Taking things back to the original inquiry about the appropriateness of ‘proselytizing’, I guess the details I’d draw out of these recent strands is the importance of caution both with regards to arrogance in connection to ones own tradition or ideas, and likewise in being too quick to recommend particular practices for people without a good understanding of what might be suitable.


7 posts were merged into an existing topic: Mindfulness, right mindfulness and attention in Abhidhamma

Good idea1

1 Like

By happy coincidence I happened to come across AN 4.193 on ‘conversion magic’, and to my mind offers a lovely perspective on the subject at hand.

By my estimation, the whole sutta has relevance here, but I’ll just draw out the following detail:

When [the Buddha had given a discourse], Bhaddiya the Licchavi said to the Buddha: “Excellent, sir! … From this day forth, may the Buddha remember me as a lay follower who has gone for refuge for life.”

“Well, Bhaddiya, did I say to you: ‘Please, Bhaddiya, be my disciple, and I will be your teacher’?” “No, sir.” “Though I speak and explain like this, certain ascetics and brahmins misrepresent me with the false, baseless, lying, untruthful claim: ‘The ascetic Gotama is a magician. He knows a conversion magic, and uses it to convert the disciples of those who follow other paths.’”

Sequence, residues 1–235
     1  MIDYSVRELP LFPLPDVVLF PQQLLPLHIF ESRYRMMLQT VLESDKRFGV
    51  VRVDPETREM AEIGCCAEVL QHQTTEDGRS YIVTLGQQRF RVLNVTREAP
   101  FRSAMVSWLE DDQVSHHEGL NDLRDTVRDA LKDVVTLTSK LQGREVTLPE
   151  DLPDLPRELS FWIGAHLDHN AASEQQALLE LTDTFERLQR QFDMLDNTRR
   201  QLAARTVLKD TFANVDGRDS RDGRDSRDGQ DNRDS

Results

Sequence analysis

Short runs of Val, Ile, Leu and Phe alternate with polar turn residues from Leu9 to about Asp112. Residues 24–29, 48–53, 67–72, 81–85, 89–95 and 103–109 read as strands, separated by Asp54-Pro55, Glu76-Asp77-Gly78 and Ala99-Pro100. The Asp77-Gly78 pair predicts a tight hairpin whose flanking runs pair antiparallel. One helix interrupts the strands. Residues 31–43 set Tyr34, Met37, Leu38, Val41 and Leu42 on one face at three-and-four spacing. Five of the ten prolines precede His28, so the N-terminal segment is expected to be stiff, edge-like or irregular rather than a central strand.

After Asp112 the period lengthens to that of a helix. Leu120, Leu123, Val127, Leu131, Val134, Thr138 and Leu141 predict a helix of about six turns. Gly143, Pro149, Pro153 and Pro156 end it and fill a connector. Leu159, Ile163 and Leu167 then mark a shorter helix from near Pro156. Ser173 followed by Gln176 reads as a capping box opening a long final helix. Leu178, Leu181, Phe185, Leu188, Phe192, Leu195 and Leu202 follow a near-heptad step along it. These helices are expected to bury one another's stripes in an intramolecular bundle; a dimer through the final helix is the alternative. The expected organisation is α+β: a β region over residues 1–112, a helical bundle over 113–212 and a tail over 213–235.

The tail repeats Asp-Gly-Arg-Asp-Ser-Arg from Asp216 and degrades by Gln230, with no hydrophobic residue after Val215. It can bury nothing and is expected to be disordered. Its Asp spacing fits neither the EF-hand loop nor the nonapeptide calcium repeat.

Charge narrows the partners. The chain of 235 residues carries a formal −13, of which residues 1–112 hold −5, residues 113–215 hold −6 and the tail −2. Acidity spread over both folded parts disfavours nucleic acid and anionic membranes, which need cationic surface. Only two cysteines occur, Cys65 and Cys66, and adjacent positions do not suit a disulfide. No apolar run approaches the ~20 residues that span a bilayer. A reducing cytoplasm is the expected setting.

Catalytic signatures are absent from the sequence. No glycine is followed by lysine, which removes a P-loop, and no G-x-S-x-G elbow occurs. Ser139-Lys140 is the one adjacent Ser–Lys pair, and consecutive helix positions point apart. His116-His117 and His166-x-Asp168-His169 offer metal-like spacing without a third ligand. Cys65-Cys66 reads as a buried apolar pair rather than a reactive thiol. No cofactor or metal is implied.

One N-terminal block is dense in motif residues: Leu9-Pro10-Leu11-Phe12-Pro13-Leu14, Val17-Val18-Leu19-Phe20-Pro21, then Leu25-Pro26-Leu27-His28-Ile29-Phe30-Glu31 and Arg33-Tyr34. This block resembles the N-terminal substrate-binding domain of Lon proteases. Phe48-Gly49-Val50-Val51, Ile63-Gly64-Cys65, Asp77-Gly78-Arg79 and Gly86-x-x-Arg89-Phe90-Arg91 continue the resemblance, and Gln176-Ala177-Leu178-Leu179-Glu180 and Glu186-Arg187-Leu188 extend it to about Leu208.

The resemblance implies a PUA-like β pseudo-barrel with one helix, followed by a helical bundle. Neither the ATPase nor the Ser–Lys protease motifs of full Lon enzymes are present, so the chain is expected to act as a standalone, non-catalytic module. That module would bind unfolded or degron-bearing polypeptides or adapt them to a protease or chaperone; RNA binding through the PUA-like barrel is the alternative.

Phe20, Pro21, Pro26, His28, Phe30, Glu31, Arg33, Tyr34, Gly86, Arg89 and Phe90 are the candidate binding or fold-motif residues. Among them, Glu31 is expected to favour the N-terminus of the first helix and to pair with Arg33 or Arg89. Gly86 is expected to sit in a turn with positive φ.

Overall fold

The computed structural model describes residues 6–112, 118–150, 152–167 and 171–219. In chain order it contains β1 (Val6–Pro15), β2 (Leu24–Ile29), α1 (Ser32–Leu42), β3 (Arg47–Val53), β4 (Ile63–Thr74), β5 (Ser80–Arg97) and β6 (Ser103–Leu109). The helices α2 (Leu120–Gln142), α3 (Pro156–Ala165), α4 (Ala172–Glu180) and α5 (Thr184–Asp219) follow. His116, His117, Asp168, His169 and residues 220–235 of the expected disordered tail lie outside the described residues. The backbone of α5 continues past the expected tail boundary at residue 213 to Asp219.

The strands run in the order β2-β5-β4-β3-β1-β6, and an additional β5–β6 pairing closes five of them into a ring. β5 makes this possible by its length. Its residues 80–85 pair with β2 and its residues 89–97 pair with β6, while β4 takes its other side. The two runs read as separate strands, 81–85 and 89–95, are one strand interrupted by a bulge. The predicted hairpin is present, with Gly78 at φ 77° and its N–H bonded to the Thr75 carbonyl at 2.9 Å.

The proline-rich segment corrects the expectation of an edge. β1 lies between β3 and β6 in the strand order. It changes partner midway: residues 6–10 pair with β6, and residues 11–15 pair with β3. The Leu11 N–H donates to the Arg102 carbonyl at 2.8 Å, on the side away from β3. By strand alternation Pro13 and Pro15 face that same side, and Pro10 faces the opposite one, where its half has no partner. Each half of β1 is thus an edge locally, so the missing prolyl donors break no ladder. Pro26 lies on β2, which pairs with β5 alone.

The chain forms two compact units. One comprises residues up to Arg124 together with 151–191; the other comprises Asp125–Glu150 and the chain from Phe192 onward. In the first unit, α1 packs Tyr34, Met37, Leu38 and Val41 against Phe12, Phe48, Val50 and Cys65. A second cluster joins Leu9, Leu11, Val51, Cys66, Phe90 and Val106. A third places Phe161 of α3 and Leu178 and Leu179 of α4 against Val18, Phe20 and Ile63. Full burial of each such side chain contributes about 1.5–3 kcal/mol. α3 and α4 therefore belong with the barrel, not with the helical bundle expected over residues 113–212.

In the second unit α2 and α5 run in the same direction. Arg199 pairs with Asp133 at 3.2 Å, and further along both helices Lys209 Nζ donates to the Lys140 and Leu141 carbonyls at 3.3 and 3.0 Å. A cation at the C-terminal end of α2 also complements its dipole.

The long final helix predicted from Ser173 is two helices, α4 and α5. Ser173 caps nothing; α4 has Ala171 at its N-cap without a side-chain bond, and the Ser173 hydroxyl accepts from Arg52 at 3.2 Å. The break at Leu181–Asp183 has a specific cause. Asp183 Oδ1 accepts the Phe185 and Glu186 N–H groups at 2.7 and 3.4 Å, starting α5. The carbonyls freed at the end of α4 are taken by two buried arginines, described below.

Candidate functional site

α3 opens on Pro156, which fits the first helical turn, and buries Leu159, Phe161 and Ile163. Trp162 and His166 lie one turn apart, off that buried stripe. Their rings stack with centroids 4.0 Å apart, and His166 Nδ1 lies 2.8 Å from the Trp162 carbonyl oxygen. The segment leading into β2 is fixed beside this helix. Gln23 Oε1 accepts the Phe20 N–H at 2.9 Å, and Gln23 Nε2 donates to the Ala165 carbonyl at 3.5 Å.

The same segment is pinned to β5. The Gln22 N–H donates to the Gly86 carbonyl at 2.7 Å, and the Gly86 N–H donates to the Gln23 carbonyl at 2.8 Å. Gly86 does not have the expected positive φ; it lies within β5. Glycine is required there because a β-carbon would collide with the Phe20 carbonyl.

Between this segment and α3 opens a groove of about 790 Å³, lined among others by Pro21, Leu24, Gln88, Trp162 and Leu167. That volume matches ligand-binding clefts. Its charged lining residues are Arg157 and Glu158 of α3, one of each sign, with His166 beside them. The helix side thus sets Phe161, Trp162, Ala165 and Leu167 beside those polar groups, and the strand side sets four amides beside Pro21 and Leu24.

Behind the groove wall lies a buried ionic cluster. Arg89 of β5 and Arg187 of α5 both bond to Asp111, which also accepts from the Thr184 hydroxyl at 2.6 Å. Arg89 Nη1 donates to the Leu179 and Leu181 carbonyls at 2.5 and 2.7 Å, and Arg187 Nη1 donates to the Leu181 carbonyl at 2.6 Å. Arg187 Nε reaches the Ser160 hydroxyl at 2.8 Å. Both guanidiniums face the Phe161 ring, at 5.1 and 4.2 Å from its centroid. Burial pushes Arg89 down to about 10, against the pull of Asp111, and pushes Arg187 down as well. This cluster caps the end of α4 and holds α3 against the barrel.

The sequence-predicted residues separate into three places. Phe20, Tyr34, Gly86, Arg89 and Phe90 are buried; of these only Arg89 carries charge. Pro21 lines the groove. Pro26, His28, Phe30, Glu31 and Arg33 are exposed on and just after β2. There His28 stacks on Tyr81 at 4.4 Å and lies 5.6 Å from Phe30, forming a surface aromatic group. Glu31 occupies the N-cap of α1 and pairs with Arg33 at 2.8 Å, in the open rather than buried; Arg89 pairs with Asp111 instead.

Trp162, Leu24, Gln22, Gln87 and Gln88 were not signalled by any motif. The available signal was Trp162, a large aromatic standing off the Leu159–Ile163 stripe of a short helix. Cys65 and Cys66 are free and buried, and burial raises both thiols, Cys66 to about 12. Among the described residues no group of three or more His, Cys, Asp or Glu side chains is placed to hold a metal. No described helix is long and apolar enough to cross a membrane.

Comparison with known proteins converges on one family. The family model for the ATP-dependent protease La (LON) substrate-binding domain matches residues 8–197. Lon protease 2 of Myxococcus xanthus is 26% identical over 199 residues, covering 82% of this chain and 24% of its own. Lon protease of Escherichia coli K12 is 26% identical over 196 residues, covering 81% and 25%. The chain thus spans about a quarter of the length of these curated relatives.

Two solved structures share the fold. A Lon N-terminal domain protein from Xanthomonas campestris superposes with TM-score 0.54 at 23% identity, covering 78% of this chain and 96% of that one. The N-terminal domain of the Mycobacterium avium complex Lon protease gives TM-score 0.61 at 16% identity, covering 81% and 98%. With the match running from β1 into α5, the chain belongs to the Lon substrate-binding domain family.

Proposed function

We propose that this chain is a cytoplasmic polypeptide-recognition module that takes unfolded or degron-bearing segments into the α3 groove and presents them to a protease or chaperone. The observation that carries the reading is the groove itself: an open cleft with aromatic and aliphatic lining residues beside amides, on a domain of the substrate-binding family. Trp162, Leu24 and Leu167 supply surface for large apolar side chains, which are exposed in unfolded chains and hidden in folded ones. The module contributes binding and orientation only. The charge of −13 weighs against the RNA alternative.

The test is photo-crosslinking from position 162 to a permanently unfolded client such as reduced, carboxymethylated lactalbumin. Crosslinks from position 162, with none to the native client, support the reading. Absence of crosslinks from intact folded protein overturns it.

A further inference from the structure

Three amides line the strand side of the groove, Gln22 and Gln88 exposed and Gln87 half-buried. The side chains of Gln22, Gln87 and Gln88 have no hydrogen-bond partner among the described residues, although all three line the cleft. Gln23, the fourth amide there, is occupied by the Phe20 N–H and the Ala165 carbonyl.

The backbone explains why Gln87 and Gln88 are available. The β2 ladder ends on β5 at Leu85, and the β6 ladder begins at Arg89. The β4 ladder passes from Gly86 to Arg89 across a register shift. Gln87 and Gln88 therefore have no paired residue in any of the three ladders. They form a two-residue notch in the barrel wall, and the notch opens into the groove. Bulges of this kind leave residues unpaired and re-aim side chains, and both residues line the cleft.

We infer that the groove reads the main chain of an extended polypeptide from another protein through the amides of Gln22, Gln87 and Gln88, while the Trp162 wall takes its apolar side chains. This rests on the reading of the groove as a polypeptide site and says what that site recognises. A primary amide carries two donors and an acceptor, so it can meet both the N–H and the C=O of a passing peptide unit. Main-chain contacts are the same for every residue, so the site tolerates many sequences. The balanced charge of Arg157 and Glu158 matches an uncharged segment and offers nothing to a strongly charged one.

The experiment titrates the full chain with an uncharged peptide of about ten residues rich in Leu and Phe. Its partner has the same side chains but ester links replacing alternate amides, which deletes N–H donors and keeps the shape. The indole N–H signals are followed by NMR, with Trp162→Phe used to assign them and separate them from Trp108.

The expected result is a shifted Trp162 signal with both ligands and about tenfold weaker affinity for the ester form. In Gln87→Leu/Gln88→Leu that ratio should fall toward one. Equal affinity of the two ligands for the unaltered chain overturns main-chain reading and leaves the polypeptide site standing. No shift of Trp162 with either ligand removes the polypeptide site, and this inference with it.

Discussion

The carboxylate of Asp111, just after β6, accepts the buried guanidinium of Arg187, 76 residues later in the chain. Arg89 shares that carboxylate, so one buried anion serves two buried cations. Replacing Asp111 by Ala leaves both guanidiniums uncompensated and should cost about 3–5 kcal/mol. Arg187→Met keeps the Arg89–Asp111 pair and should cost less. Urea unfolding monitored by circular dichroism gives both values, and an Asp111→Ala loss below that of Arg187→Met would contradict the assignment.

Well he does use ‘magic’ or superpowers to instruct his followers- hence his word is good in the beginning, middle and end’.

There likely isn’t any harm in sharing your story. The fact that Buddhism has helped you is a fact of your life (my story is similar). Usually, you can sense when it’s appropriate to divulge such details, like a hint of curiosity to know more. When those moments arise for me, I briefly mention the benefits that meditation has had—without referring to “Buddhism.” And if they’d like to know more beyond that, I’ll share it.

As far as volunteering information to people, I take a similar approach. If I know someone who’s struggling with stress, burdened by their emotions or duties, I’ll recommend some simple mindfulness or breath meditation—again without referring to “Buddhism.” And if they’d like to know more beyond that, I’ll share it.


Yesterday in one of my classes I mentioned to students that I had a bit of a panic attack the night before because I realized I hadn’t yet asked them their preferences for when they want to sign up for their oral presentations at the end of the semester. I was speaking colloquially when I mentioned “panic attack,” but one of my students cheerfully inquired, “Were you running around your house yelling and breaking things?” (he was just being cheeky). I paused for a second to ask myself if I should reply, and then decided it was O.K. to say the following: “I practice mindfulness meditation, so yelling and breaking things wouldn’t be consistent with that.” The students all thought that was funny. The Chaplain’s Office on campus sponsors weekly non-sectarian mindfulness meditation sessions, so nothing I said necessarily suggested Buddhism. But if I piqued the curiosity of any of the students in class they can always pursue it further.